Posts Tagged: Thomas Harter
The article included a map of California with color coded areas indicating areas that were excellent for groundwater banking down to poor. The story was picked up widely by the news media.
California farmers will intentionally flood their fields this winter
Jane Braxton Little, Scientific American
For two months this winter, a team of scientists will flood almond orchards in the Central Valley to a depth of two feet by redirecting rainfall through a network of ditches originally designed to divert floodwater away. To measure success, they will then monitor how much water filters into the water table over the course of two years. If the method pans out, pear, plum and walnut tree orchards might also benefit from intentional flooding, according to a recent study led by UC ANR Cooperative Extension specialist Anthony O'Geen.
Map identifies farmland with greatest potential for groundwater recharge
Diane Nelson, UC Davis News Service
This December, O'Geen and a team of scientists - including Helen Dahlke, professor in integrated hydrologic sciences at UC Davis - will flood almond fields in the Central Valley, building on research that suggests that deliberately flooding farmland in winter can replenish aquifers without harming crops or drinking water. “Adding an extra few feet of water to even just 10 percent of California's cropland this winter could add an additional 3 million acre-feet of groundwater,” Dahlke said. “That could go a long way toward replenishing the 6 million acre-feet growers had to pump this year alone to cope with California's drought.”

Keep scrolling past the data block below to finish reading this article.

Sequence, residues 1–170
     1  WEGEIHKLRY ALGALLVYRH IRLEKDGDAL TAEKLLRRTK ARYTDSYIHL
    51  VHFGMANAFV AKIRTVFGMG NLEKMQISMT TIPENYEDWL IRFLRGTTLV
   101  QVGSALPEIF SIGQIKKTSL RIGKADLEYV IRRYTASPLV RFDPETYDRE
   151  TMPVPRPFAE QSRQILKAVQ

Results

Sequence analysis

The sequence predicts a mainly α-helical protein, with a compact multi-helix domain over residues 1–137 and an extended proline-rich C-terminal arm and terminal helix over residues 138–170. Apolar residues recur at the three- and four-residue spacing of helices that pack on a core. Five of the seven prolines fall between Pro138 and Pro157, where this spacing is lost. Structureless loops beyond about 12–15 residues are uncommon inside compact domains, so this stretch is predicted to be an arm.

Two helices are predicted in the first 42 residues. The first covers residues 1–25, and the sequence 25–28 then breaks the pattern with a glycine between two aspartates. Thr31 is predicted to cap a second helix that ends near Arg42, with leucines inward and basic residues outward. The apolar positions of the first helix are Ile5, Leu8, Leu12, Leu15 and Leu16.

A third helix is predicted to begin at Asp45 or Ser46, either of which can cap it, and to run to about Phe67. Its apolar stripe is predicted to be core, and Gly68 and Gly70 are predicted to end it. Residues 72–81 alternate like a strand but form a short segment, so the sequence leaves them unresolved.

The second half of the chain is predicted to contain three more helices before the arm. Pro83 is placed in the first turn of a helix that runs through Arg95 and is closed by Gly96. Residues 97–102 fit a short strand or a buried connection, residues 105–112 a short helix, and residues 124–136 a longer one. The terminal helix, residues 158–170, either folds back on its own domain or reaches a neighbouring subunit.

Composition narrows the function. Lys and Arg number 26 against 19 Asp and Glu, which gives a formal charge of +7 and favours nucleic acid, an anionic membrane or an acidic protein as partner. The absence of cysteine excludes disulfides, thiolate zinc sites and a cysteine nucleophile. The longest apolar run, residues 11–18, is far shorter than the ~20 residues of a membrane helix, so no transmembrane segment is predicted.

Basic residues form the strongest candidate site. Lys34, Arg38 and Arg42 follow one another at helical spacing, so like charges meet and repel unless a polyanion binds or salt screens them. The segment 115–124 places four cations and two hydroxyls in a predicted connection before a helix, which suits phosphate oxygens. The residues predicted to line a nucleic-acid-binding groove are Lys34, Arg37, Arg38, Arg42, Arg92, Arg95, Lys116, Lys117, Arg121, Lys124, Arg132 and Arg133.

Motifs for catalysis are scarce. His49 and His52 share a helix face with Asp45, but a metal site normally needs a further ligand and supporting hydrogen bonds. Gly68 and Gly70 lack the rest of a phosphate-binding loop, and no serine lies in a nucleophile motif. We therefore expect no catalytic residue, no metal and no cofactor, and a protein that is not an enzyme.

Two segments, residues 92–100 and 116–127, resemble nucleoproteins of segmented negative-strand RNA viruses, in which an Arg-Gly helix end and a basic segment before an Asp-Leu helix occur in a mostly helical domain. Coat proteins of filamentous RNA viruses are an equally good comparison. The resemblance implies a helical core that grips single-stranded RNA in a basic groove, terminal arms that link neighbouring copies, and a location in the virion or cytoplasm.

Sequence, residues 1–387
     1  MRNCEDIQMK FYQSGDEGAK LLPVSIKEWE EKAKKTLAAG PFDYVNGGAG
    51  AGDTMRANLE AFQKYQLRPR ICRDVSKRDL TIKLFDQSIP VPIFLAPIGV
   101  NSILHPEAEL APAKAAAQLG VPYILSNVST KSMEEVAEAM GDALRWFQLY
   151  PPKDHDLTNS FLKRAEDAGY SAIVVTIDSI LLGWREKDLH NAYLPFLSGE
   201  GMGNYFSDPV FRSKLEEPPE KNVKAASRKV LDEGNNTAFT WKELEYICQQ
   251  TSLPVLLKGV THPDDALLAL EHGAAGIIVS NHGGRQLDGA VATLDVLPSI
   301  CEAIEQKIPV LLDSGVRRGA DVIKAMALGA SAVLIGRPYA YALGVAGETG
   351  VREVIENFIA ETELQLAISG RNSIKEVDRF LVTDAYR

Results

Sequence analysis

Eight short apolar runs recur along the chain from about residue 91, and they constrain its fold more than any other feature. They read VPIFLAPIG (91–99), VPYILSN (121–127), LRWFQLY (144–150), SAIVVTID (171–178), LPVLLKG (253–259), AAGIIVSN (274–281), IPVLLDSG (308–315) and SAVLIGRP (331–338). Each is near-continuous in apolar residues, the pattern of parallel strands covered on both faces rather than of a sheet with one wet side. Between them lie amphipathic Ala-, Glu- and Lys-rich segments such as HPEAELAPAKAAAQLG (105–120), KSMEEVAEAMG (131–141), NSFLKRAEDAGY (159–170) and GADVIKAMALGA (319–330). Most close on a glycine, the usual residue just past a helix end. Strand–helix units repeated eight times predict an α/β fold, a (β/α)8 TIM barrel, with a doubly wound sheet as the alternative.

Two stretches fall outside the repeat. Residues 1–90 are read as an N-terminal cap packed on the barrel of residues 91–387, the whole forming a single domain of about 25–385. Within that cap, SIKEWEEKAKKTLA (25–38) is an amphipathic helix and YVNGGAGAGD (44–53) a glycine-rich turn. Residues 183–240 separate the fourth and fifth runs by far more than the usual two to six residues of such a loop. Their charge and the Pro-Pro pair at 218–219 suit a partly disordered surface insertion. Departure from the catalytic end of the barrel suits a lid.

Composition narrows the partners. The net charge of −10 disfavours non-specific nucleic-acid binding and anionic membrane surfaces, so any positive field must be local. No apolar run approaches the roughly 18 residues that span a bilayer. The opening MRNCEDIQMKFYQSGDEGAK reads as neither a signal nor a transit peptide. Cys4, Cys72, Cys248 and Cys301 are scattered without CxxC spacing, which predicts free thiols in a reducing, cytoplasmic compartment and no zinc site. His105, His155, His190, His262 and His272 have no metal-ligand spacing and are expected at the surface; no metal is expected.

UC scientists test inexpensive way to capture El Niño rains
Amy Graff, The San Francisco Chronicle (SFGate.com)
Researchers from UC Davis and UC Cooperative Extension are testing a new method for capturing some of that underutilized water by diverting it from rivers into the network of canals running through Central Valley farmland. "That could go a long way toward replenishing the 6 million acre-feet growers had to pump this year alone to cope with California's drought," said Dahlke, who's testing the technique in the field. UC ANR Cooperative Extension specialist O'Geen points out that this is a win-win for agriculture. "They're typically considered the bad guys. They're feeding the world yet they're considered the water hogs because they have to take all the water to grow the food. On-farm recharge offers the opportunity for them to offer two services — providing food and collecting water. That puts agriculture in a better light."
How California could get smarter about droughts and flooding
Nathaneal Johnson, Grist.org